On meta-analysis, they identified two “high-risk” chromosomal loci selected in patients who developed metastases – loss of 9p21.3 and loss of 14q31.1. These will show up again later. They were highly prevalent in patients who developed metastases. Indeed, loss of 9p21.3 was never seen in patients that did not metastasize!

Next, they took this information about the metastases and went back to the primary tumors to answer the second question. They found two specific features of primary tumors were associated with poor outcomes and metastatic spread: chromosomal complexity (high degree of mutations) and intra-tumoral heterogeneity (high number of clones), depicted below:

Both were associated with worse outcomes in their dataset and validated using in the TCGA dataset.

Dr. Turajlic then went through 3 different clinical scenarios:

  1. Linear evolution, low ITH and low chromosomal complexity – no metastases

This patient had an early founder mutation and developed a primary tumor. However, it never developed additional mutations or ITH. It remained monoclonal with low metastatic potential. This pathway leads to good outcomes. 

2. Branched evolution, high ITH and high chromosomal complexity – risk events occur late.  This pathway leads to late development of additional mutations and branched evolution into multiple clones. These are associated with large primary tumors, highly vascularized, intermediate-high grade. However, slow metastatic progression, limited metastatic potential. Benefits from metastasectomy and cytoreduction, Long disease-free intervals.

3. Punctuated evolution, high ITH and high chromosomal complexity – multiple early mutations. These are the patients with large high-grade primaries and early metastases, present with metastatic disease. Rapid metastatic progression, don’t benefit from surgery. Note than the primary is all one clone that has all the mutations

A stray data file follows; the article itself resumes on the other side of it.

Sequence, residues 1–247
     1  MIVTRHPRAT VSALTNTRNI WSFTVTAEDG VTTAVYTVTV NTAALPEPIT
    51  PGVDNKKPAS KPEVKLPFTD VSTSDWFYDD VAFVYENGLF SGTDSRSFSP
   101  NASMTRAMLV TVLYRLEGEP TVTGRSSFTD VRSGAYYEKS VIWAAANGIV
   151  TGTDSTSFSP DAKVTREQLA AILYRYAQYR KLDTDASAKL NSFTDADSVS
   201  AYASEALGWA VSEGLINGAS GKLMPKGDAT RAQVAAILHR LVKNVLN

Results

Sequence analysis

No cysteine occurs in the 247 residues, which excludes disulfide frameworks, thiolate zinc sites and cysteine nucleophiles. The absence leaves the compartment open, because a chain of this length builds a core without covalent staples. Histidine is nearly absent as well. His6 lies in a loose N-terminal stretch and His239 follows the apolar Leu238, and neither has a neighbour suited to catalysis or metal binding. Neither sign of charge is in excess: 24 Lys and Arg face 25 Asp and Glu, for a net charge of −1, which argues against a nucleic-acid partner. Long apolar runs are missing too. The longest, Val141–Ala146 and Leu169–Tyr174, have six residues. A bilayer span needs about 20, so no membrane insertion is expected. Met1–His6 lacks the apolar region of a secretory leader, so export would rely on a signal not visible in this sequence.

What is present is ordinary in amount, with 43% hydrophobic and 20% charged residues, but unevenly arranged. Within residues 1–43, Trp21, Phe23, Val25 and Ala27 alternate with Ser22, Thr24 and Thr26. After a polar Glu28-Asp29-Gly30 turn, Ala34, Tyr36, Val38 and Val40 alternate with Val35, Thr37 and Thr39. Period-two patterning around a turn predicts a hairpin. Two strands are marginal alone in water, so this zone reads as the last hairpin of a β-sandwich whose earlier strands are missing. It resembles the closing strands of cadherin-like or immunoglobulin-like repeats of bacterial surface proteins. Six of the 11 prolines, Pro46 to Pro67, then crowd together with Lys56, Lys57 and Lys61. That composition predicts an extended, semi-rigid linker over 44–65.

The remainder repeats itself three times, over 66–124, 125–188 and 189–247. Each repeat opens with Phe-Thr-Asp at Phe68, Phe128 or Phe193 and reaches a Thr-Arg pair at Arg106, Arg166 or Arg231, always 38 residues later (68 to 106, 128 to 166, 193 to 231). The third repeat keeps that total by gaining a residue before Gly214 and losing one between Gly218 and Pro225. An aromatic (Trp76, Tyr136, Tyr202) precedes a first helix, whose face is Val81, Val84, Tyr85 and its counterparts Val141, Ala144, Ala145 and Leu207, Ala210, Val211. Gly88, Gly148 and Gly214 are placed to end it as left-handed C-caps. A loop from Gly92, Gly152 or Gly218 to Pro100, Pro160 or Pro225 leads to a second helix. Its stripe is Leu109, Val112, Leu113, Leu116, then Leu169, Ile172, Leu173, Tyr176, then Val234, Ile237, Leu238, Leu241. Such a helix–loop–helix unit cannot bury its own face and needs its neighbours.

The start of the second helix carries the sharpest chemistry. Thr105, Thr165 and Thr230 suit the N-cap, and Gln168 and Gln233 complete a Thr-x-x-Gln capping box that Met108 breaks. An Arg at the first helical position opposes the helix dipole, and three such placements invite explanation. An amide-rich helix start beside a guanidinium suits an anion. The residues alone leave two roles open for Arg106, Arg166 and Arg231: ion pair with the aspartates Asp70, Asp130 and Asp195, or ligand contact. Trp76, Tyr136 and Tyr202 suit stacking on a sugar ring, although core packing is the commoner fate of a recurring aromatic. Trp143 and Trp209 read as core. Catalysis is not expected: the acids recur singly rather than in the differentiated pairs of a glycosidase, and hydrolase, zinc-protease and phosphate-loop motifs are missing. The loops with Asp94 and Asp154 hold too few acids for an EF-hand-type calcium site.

She finished with some clinical examples that highlighted the above pathways. She also mentioned, appropriately, that multi-region profiling is not yet practical in clinical practice – yet, cell-free DNA and representative sequencing (using homogenized tumor tissue) may help overcome this. These are being evaluated currently.

  1. Turajlic S et al. Tracking Cancer Evolution Reveals Constrained Routes to Metastases: TRACERx Renal. Cell. 2018 Apr 19;173(3):581-594.e12. doi: 10.1016/j.cell.2018.03.057. Epub 2018 Apr 12.
  2. Turajlic S et al. Deterministic Evolutionary Trajectories Influence Primary Tumor Growth: TRACERx Renal. Cell. 2018 Apr 19;173(3):595-610.e11. doi: 10.1016/j.cell.2018.03.043. Epub 2018 Apr 12.
Presented By: Samra Turajlic, MD, PhD, The Royal Marsden NHS Foundation Trust

Written By: Thenappan Chandrasekar, MD, Clinical Instructor, Thomas Jefferson University, (Twitter: @tchandra_uromd, @JEFFUrology), at the 2019 American Society of Clinical Oncology Genitourinary Cancers Symposium, (ASCO GU) #GU19, February 14-16, 2019 - San Francisco, CA